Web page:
Shift to Digital Expected to Accelerate in B2B Media
Print will make up just 18 percent of the revenue mix by 2020, according a new survey by Connectiv.
Print isn't dying in B2B media; it's just taking a back seat.
While digital, data, and events will take a dominant role in the revenue mix for B2B media companies over the next five years, print will endure as a significant component in a multi-channel distribution plan, according to a new survey conducted by Connectiv.
"Our study gives a clear indication that the shift from print to digital will move into hyper-speed over he next few years," said Mike Marchesano, managing director of Connectiv, in a statement. "While print's share of overall revenue will shrink considerably, it is expected to remain a key part of companies' diverse product offerings."
In conjunction with Readex Research, Connectiv surveyed 30 CEOs of member B2B media organizations in October 2015, representing about 35 percent of Connectiv's overall membership, with an average of $43.8 million in annual revenues. The survey was designed to identify the current revenue mix at the respondents' companies and to learn where they are investing for the future.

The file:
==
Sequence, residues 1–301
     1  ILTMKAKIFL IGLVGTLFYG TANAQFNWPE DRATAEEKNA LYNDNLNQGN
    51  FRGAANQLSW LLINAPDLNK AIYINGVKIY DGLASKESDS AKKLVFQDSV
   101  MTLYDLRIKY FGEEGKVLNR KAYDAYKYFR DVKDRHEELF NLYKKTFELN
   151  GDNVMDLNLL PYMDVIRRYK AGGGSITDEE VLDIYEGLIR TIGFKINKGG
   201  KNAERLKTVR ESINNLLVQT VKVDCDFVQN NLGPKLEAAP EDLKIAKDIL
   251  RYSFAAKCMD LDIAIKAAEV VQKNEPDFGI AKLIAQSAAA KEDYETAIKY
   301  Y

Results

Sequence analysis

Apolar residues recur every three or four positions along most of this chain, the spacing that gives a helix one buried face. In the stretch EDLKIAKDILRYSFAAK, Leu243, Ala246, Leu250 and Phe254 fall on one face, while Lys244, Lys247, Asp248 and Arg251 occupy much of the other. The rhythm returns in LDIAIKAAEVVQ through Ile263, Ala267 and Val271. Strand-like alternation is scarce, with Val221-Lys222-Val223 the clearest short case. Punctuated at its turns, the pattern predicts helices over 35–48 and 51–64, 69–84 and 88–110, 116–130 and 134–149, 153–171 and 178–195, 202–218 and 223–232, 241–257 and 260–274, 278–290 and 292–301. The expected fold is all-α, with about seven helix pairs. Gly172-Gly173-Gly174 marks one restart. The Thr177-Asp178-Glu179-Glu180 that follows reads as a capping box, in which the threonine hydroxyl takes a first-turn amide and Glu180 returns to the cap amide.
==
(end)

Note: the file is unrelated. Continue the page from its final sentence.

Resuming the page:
Among the survey's findings is the conclusion that B2B media companies are already diversified; 90 percent of respondents claimed revenune from all five available categories: digital, marketing services, events, paid content/data, and print. Ninety-seven percent claimed revenue from digital resources, though it's perhaps most surprising that three percent did not.
That diversification will only continue in the future. When asked to describe both their current revenue mix and their predictions for 2020, print is expected to decline from an average of 28 percent currently to an average of 18 percent over the next five years. All other revenue sources are projected to increase significantly, most notably paid content/data (from 20 percent to 23 percent), digital (from 17 percent to 21 percent), and events (from 22 percent to 24 percent), all three of which are projected to surpass print by 2020.
Within paid content/data, research and paid information services were each cited as current revenue sources by 50 percent of respondents, followed by content licensing at 47 percent. Websites (90 percent) and e-newsletters (87 percent) were the most commonly named digital revenue sources, followed by lead-gen at 67 percent.
Among events, conferences were the most commonly cited revenue source, with 73 percent of companies surveyed. Trade shows (53 percent) and custom single-sponsor events (50 percent) came in second and third, respectively.
Finally, the survey asked participants where they'll be hiring in 2016. Exactly half of all respondents named data analysis as an area in which they will increase headcount this year, more than any other category. Sales (43 percent) was the second most commonly cited category, followed by development/programming, events, and marketing at 40 percent each. Areas projected for the most downsizing are operations and finance, followed by human resources.